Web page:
In 2002, euro notes and coins began circulating in the European Community, and for the 10 years since, economists have asked if the monetary union was a good decision. One intensely debated question: What if the United Kingdom had adopted the euro?
Assistant Professor of Economics Sandeep Mazumder and Ryan M. Pahl, a 2011 Wake Forest graduate, offer an answer to this question in their article “What if the U.K. had joined the Euro in 1999?” The research was published online in the journal Open Economies Review in June and is forthcoming in print. The two began work on the paper when Pahl was a student.
Mazumder says he is most proud of the paper because the idea originated with his student. “Ryan was intrigued by ideas we discussed in international finance and wanted to explore the hypothetical question of what would have happened if the United Kingdom had decided to adopt the single European currency. The question is relevant because there was, and still is today, a lot of pressure on the U.K. to join.”
“I had the opportunity to do real-world analysis,” says Pahl, who at the time was an undergraduate economics major and political science and global trade and commerce minor. “I had the chance to research and test theories that I was studying across disciplines.”
Pahl looked at unemployment and gross domestic product in the U.K. from 1999 through 2010 to determine whether the government made the right decision. He found that the U.K. was correct in saying no to the euro.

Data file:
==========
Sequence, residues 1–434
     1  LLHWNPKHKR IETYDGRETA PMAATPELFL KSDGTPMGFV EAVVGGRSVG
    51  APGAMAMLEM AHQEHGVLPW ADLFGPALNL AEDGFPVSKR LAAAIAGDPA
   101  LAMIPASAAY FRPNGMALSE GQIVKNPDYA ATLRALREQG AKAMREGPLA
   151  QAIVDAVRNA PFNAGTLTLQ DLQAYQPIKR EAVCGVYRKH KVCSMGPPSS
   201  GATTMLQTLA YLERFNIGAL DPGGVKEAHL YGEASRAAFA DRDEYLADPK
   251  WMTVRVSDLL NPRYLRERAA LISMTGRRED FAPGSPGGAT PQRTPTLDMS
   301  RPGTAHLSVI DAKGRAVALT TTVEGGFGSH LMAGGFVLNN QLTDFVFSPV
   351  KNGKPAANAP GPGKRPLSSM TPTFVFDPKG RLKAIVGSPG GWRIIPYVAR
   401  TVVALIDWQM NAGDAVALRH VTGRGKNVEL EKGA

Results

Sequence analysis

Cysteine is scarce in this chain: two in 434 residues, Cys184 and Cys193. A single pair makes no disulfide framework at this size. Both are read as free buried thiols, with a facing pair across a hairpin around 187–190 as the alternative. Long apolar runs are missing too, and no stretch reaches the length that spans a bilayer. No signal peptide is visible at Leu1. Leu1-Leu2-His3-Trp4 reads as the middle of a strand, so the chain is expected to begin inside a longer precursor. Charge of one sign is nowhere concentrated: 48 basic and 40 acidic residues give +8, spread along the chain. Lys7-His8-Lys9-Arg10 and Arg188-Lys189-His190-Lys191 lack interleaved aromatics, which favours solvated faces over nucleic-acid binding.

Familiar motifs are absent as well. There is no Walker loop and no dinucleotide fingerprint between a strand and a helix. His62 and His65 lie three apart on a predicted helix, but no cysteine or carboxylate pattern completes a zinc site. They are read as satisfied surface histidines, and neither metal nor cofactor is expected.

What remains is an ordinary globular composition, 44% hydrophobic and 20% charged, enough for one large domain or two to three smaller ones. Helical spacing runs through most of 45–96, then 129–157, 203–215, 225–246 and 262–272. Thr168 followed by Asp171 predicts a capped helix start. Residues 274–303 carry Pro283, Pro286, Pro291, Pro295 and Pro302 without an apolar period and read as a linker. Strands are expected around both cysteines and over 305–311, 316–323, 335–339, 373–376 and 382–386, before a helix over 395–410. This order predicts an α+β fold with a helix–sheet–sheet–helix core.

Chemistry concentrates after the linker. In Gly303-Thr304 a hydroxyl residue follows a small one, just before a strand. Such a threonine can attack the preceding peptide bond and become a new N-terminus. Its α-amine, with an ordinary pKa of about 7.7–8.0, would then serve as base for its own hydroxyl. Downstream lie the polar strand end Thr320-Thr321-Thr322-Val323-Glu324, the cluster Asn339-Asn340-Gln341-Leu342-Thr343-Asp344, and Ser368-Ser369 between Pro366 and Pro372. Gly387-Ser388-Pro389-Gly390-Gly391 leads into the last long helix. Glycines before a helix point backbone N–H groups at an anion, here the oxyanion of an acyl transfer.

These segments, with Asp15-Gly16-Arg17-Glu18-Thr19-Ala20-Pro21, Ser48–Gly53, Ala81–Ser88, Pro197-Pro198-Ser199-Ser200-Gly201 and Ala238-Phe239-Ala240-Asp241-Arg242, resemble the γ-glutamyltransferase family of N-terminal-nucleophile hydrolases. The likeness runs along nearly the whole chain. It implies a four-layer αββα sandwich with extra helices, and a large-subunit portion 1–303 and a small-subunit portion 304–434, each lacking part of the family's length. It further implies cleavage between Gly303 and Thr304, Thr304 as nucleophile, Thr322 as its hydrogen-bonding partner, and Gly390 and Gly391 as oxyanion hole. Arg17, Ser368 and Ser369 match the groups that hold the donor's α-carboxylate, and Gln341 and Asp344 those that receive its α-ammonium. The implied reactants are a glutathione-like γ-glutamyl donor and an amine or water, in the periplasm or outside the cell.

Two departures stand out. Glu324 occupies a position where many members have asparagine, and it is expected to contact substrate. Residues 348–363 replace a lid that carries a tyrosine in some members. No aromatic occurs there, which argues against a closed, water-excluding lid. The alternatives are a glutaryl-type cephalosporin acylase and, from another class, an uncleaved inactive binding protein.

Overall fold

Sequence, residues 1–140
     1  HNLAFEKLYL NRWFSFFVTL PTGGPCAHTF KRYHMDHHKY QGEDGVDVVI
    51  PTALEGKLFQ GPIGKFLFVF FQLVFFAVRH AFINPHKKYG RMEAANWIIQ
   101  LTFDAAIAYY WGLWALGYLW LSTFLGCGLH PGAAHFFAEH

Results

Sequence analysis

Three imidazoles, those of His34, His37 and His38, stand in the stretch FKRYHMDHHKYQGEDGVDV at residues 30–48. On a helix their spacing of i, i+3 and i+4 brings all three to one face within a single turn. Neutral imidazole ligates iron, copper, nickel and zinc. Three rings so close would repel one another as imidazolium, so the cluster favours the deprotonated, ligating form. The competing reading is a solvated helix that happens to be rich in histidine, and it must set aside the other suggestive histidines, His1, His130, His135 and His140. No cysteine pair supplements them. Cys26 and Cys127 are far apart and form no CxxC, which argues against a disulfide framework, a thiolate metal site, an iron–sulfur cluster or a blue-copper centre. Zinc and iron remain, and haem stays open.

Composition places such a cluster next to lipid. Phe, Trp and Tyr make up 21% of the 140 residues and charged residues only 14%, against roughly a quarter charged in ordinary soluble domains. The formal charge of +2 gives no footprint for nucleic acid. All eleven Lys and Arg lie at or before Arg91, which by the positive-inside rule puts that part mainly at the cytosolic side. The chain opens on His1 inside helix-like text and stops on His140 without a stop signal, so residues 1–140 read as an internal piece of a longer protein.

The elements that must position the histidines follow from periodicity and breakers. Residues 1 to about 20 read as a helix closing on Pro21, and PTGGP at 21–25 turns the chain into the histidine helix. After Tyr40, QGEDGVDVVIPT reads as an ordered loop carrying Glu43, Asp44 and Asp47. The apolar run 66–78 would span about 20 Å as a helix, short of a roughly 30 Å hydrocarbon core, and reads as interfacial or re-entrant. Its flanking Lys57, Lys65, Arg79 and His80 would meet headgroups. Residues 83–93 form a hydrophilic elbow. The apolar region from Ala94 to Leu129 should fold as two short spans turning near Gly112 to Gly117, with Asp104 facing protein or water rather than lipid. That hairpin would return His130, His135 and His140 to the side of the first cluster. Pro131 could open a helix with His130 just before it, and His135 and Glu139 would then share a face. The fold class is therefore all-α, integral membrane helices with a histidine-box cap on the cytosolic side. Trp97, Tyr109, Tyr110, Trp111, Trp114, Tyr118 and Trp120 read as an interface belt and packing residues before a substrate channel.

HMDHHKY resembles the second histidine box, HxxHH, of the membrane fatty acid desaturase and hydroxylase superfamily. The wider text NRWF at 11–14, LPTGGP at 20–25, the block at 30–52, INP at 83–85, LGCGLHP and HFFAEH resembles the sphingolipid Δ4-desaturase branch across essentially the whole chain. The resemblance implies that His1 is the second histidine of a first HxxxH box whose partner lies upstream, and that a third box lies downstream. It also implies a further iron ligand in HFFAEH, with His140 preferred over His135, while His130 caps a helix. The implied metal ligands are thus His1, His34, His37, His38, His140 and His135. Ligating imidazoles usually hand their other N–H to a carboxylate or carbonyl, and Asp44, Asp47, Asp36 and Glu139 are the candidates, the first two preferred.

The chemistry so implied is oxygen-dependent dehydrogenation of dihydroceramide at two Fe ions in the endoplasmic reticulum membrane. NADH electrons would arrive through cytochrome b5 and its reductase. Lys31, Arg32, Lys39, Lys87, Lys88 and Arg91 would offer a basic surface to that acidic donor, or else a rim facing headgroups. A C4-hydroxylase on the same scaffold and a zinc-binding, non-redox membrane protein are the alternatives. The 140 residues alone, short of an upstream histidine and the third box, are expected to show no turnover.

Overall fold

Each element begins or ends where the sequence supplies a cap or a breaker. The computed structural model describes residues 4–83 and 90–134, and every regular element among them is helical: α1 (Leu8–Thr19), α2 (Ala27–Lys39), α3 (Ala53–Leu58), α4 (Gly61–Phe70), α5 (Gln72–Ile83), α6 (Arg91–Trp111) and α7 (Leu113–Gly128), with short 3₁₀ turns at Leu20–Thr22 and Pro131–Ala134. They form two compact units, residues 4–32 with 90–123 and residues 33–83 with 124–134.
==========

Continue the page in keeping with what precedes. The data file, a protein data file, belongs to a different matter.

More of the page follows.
“The research showed, though there were certain years the U.K. would have been better off had they switched to the euro, staying with the pound was the right choice for the U.K.’s economy,” says Mazumder.
With the addition of economic models and fine-tuning of ideas, Mazumder took the lead in helping Pahl polish the piece for academic publishing standards, and the two coauthored the final article.
Pahl, an associate in the global risk management analyst program working in retail banking risk with Bank of America, says collaborating with Mazumder on the paper helped him develop a number of skills he uses daily, including tenacity. The project, from start to finish, took a year and a half.
“I learned how to start a project from a simple idea and see it through to completion,” says Pahl. “With professor Mazumder, I got experience brainstorming ideas, collecting data, performing data analysis, being flexible, changing direction, and crafting and editing a document that would be read by professionals in the field. I learned how to take professional criticism of my work and use it to create the best possible output.”